Legal Correspondent

"We will ask the ship to stay outside Indian territorial waters till the matter is heard"

French Government sticks to its guns, says ship contains no asbestosWhen the French Government had not permitted the ship to be broken there, why should we allow the ship to come to India?: Court

New Delhi: The Shipping Decommissioning Industry Corporation (SDIC) on Monday gave an undertaking to the Supreme Court that it would not permit the French ship, Clemenceau, containing asbestos to enter the Indian Exclusive Economic Zone.

Senior counsel Mukul Rohtagi appearing for SDIC, which owns the decommissioned ship, made this submission before a Bench of Justice Arijit Pasayat and Justice S.H. Kapadia during the course of the hearing of a petition filed by Research Foundation for Science seeking a direction to stop the entry of the ship into the territorial waters of India on the basis of the interim report of the court-appointed monitoring committee on hazardous wastes.

Counsel for French Government Pinky Anand denied that the ship contained asbestos. Asserting that the French Government had not violated any law, she said, "We will place all the materials before the committee at its meeting on January 20."

Sanjay Parikh, counsel for the petitioner, submitted that the ship should not be permitted to enter India. He said that by allowing the ship, India would be violating the Basel Convention and other environmental laws. He said the ship should be decontaminated completely before allowing its entry.

Advocate S. Murlidhar, who also filed an application, submitted that the committee had earlier permitted a Danish ship to enter India for ship breaking. He said the committee must explain "what is the difference between the Danish and the French ships."

However, the counsel for SDIC submitted that the committee was yet to give its final recommendations and the apex court should await the outcome of the committee's report.

The Bench observed, "We do not want the environment to be polluted. When the French Government had not permitted the ship to be broken there, why should we allow the ship to come to India? Whether breaking the ship will result in pollution or not is immaterial. The best thing will be to ask the ship to go back from where it started."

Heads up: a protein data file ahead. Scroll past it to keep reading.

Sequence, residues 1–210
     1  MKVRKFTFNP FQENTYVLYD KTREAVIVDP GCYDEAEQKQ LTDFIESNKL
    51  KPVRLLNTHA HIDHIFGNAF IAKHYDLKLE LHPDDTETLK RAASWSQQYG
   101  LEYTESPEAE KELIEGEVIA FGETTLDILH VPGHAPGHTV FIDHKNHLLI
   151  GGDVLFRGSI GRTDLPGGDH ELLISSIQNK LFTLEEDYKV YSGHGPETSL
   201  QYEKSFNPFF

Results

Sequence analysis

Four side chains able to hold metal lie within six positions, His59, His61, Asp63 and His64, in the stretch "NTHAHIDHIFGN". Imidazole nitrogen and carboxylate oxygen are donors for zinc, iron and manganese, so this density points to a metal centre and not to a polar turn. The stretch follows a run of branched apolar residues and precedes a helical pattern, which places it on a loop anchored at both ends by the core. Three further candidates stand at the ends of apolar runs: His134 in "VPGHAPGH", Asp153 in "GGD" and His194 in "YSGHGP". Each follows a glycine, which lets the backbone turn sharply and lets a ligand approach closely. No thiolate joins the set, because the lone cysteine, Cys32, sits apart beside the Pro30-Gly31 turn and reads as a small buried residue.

The Bench asked senior counsel for the Customs department A. Subba Rao to file an affidavit indicating the steps it had taken to allow or not allow the ship to enter Indian waters. It observed, "You cannot wash off your hands. Tell us whether we can allow such a ship to enter." The counsel conceded that a Bill of Entry had to be issued by the department to permit the ship to come to India. He said the Egypt Government had on Sunday cleared the ship to sail further.

When counsel for the petitioner insisted on interim protection, Mr. Rohatgi gave an undertaking that the ship would not be allowed to enter Indian waters during the pendency of the matter before the apex court. He assured the court "we will ask the ship to stay outside the Indian territorial waters till the matter is heard." The Bench adjourned the hearing to February 13.

The committee at its meeting held in Mumbai on January 6 had in its report asked the Government, the Gujarat Pollution Control Board and the Gujarat Maritime Board not to allow the ship to enter India.

The committee decided to hold another meeting in Mumbai on January 20. The committee sent its report to the Supreme Court and the report was taken up for consideration on Monday.

The report states that "the entry of `Le Clemenceau' in Indian sovereign territory, specifically, within the 220 nautical miles exclusive economic zone of the Indian Union would be a violation of the directions given by the apex Court by its order dated October 14, 2003."

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